009C Sample Final 3, Problem 9
A wheel of radius 1 rolls along a straight line, say the axis. A point is located halfway between the center of the wheel and the rim. As the wheel rolls, traces a curve. Find parametric equations for the curve.
Foundations: 

Many concepts in physics involve the notion of a relative frame. For example, if I'm in a box dropped from an airplane, I won't be moving relative to the box. However, I'm still heading towards the ground with acceleration Say it drops for 5 seconds, so the box is going when it hits the ground. Even if I jump with all my might and pull off something like of upward velocity, I'll still feel the impact of hitting the ground at
Essentially, equations of motion can often be broken into parts, and then added up. 
Solution:
Step 1: 

If a wheel of radius one is resting at the origin, its axis will be at the point For this solution, we will assume the point is below the axle, although the problem does not state the position of . When the wheel rotates clockwise, it will move to the right. Since the length of the arc defined by an angle on a circle of radius is the wheel will roll forward the length of the arc, which is just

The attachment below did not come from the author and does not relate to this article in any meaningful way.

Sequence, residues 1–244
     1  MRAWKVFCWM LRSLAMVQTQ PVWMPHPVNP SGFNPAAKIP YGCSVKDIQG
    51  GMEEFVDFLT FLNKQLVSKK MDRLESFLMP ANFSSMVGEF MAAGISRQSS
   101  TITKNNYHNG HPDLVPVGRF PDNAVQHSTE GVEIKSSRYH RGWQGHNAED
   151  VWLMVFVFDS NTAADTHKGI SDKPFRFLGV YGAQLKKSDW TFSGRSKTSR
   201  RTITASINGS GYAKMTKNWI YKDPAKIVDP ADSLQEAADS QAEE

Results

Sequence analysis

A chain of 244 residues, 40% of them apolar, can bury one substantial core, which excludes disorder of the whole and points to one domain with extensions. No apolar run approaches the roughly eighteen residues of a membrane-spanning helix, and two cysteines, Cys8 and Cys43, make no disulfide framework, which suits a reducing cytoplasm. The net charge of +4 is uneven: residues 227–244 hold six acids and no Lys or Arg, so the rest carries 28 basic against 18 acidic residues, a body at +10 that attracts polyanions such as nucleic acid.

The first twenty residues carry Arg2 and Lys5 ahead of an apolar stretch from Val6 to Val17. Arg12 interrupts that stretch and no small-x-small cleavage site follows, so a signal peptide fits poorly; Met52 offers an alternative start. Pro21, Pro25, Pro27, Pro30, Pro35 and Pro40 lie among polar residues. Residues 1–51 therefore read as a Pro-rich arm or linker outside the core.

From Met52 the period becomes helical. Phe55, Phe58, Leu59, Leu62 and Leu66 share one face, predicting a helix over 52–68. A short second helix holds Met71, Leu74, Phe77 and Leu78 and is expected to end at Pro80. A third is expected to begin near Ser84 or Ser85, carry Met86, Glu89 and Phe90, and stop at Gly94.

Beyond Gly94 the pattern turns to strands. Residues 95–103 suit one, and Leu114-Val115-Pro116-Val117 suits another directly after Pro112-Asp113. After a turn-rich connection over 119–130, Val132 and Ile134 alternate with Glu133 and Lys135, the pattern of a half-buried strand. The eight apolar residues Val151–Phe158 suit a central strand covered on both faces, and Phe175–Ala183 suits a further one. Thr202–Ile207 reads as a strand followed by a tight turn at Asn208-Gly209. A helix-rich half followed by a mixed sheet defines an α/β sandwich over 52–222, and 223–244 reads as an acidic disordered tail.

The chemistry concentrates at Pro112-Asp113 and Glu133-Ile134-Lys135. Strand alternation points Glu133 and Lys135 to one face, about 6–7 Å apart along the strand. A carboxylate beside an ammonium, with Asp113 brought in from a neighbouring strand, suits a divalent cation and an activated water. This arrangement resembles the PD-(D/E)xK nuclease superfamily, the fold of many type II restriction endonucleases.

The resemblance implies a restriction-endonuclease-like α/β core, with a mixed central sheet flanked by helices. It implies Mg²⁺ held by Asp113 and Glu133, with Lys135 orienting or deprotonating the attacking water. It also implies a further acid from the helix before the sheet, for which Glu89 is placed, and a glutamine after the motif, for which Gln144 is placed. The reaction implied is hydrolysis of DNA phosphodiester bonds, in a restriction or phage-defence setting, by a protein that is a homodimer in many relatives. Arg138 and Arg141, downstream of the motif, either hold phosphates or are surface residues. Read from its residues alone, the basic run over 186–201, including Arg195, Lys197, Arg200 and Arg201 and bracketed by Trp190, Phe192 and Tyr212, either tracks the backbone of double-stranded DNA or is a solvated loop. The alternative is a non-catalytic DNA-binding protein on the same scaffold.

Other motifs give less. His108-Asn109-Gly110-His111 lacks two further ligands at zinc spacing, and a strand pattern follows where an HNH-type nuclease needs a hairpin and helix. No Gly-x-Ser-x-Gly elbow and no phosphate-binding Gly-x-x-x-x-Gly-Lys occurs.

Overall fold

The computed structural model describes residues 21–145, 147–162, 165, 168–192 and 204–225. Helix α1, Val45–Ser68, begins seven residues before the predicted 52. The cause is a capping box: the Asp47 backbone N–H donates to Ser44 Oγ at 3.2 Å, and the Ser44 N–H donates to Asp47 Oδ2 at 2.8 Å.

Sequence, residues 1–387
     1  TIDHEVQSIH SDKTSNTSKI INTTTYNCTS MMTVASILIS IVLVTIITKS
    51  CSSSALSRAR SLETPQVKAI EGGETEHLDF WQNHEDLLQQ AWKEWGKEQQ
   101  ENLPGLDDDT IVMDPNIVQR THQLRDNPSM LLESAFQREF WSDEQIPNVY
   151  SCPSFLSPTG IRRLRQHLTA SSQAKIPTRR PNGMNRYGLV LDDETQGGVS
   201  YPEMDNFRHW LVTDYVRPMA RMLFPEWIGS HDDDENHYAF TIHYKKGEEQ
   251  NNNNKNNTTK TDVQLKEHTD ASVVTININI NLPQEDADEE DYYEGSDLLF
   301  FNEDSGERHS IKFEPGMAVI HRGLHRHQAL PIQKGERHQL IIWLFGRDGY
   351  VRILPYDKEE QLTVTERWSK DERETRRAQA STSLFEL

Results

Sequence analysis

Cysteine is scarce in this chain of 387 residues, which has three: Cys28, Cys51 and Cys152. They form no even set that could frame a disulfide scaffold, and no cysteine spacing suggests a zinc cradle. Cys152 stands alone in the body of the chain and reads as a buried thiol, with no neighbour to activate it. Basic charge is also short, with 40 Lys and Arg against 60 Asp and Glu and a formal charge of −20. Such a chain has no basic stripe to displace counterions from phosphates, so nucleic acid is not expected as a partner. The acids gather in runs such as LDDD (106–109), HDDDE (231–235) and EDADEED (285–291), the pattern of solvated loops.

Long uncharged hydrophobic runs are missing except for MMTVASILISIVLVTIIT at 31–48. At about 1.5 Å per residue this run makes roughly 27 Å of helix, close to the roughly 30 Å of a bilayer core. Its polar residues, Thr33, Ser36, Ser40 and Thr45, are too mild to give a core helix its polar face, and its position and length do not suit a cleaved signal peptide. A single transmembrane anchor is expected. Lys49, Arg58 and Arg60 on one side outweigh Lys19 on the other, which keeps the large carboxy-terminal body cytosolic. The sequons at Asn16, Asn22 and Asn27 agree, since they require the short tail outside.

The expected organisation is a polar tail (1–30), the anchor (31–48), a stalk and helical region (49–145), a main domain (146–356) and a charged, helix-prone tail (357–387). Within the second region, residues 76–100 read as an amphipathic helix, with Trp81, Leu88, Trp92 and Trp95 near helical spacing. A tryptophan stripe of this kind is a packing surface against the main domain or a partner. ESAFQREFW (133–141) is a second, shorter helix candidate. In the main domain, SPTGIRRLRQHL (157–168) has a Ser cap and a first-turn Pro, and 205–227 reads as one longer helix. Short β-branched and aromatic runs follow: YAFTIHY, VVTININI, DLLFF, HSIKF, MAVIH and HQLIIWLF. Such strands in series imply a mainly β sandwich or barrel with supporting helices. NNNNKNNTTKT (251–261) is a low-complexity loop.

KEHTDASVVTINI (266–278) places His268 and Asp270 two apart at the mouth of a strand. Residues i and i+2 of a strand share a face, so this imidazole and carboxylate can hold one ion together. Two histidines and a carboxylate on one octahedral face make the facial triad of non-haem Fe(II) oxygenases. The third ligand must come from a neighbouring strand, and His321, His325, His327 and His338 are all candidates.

Moreover, the axle's position will change in the same manner, while the height of the axle will always be fixed at . This means we can describe the position of the axle as a function of or 
Step 2: 

Since the wheel is rotating, we also know that our point will rotate around the axle. As described in the problem, it is halfway between the rim and the center/axle, so it is unit away from the axle, and will rotate clockwise. Using our trig relations (while looking at the image), we find that the position of relative to the axle can be described as
Notice that when the point would be at the position which is half a unit directly below the axle. This is shown as a gray "ghost" dot in the image, while the black triangle and circle represent the situation at 
Step 3: 

We therefore have a frame (the axle) that is moving, and a point that is moving relative to the frame. To get the movement relative to the stationary "world", we simply add them up to find

Final Answer:  


Contributions to this page were made by John Simanyi